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re: Dodos, Swifts and Quetzalcoatlus.

Michael Lovejoy wrote:

I don't know much about pterosaurs, but while looking at bird skeletons
DA, page 146, I noticed that the albatross has the long thin humerus
I'd expect in a soarer, but Quetzalcoatlus has a humerus very similar to
swift! Anybody know why? Were they agile fliers, or is it for a powerful

take-off, or what?

Not sure about the swift humerus shape, but perhaps you're
unintentionally commenting on the relative length of the humerus in the
albatross and  Q.

Whether hanging on trees or wading in shallows, pterosaurs were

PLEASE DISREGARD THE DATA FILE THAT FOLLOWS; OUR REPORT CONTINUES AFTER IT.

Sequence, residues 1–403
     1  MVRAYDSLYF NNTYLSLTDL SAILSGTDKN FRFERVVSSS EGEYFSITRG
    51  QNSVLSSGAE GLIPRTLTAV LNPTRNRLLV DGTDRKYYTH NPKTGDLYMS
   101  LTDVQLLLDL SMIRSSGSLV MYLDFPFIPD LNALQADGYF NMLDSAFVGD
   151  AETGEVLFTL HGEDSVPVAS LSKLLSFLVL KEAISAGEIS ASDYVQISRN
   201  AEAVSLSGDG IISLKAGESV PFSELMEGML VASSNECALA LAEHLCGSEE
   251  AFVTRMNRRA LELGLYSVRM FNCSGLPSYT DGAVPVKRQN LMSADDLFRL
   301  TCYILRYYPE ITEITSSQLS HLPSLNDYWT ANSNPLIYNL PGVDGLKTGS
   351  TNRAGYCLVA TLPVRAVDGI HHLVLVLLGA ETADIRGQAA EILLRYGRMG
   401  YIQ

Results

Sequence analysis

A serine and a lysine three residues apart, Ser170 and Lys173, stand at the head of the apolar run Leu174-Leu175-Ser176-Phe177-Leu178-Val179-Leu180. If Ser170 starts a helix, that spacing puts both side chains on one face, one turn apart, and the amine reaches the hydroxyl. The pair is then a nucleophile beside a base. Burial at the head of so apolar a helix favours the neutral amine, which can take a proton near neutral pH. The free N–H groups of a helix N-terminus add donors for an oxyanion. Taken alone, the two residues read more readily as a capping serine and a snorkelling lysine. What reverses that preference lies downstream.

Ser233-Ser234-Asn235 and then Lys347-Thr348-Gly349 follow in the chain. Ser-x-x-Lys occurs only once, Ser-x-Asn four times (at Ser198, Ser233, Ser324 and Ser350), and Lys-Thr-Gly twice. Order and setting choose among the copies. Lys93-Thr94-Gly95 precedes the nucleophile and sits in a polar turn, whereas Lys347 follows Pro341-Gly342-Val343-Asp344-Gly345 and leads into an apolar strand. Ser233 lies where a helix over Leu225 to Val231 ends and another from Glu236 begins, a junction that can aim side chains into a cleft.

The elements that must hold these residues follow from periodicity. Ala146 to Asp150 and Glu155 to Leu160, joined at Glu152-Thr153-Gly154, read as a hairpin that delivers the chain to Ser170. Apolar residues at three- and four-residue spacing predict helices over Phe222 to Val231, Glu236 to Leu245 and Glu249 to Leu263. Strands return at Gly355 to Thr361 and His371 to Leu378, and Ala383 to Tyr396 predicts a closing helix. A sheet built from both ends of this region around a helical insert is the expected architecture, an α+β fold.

quadrupedal, unlike birds, so the forelimb minus the folding wing finger
has to more or less equal the hindlimb minus the pes. It's something of
a constraint on their engineering, I suppose, to keep the proximal
elements related in size. In the exceptional pteros, such as
Nyctosaurus, Pteranodon and some ornithocheirids, where the proximal
forelimb elements greatly exceed the hindlimb elements, then elbow
bending effectively reduces the forelimb length, or, as Chris Bennett
has shown, the pterosaur simply lifts its oversized forelimbs up and
walks bipedally.

Now the swift is another story...

Hope this helps.

David Peters
St. Louis